Even in the distant future, the strong price growth of properties won’t change much – quite the contrary. Because according to the latest purchasing price prognosis of the portal Immowelt, prices in the 14 biggest German cities are expected to grow by up to 62 percent in the next eleven years, should the European Central Bank (ECB) not introduce a radical turnaround on interest rates.
Hanover just ahead of Munich and Berlin
Among these cities are Berlin, Bremen, Dortmund, Dresden, Düsseldorf, Essen, Frankfurt am Main, Hamburg, Hanover, Köln, Leipzig, Munich, Nuremberg and Stuttgart. Here, the state capital of Lower Saxony, Hanover, is considered the city with the strongest price growth with its 62 percent, even ahead of big metropolises like Berlin and Munich (with 60 percent respectively). By that, the purchasing price in Berlin is expected to rise to 6,190 €/m² (currently 3,870 €/m²) and in the already expensive Munich to the highest price of 11,380 €/m² (currently 7,110 €/m²), while Hanover with its 3,990 €/m² (currently 2,460 €/m²) will still belong to the more affordable cities.
One reason for the strong growth in Hanover is sometimes the economically appealing location and the related, high supply of jobs. Already between late 2012 and late 2017, its population grew by four percent. According to the city’s official estimates, it will raise by a total of 20,000 till 2030. According to the report, a strong increase in purchasing prices is imminent in cities like Nuremberg (58 percent) and Bremen (57 percent) as well.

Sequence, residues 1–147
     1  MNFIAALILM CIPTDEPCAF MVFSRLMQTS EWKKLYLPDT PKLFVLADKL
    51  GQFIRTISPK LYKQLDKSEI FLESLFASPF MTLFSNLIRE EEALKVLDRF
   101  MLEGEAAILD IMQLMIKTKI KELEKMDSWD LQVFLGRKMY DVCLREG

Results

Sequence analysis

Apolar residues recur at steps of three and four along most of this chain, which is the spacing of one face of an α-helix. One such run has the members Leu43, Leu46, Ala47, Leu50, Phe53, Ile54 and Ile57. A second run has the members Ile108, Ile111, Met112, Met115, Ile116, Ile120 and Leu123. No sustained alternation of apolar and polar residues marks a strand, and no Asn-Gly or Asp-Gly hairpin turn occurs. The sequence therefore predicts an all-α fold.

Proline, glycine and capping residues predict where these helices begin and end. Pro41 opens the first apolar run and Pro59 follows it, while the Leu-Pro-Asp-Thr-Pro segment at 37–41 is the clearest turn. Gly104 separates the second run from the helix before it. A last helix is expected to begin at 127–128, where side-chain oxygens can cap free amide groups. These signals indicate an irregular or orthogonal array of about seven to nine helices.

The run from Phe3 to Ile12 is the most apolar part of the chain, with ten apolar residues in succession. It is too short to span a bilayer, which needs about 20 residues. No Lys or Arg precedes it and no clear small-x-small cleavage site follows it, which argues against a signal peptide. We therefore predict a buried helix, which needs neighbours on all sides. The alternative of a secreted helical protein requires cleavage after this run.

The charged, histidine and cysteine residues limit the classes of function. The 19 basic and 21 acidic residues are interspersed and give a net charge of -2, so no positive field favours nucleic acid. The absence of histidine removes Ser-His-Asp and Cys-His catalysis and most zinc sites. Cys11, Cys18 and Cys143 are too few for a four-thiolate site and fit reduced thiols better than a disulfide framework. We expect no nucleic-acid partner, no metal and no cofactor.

Growth in the East, stagnation in the West
Growth will still be moderate in the cities of eastern Germany, which gain inflow through their increasing attractiveness. Here, Leipzig expects an increase of 40 percent (from 1.790 €/m² to 2.510 €/m²), while prices in Dresden will grow by 38 percent (from 2.120 €/m² to 2.920 €/m²). It’s a different matter in the West though: In the metropolises of the Ruhr area Dortmund and Essen, prices will rise by 21 percent (from 1.430 €/m² to 1.730 €/m²) and 24 percent (from 1.470 €/m² to 1.820 €/m²) respectively. With that, these prices literally stagnate when taking an annual inflation by two percent into account – one of the consequences of the structural transformation and its resulting outflow, from which both cities only slowly manage to recover from.
The real estate portal Immowelt regularly draws predictions by the means of its inserted offers. In this case, a statistical procedure has been applied, which factors in all relevant influencing factors, like the approximate population growth, interests, as well as consumer- and construction price indexes.
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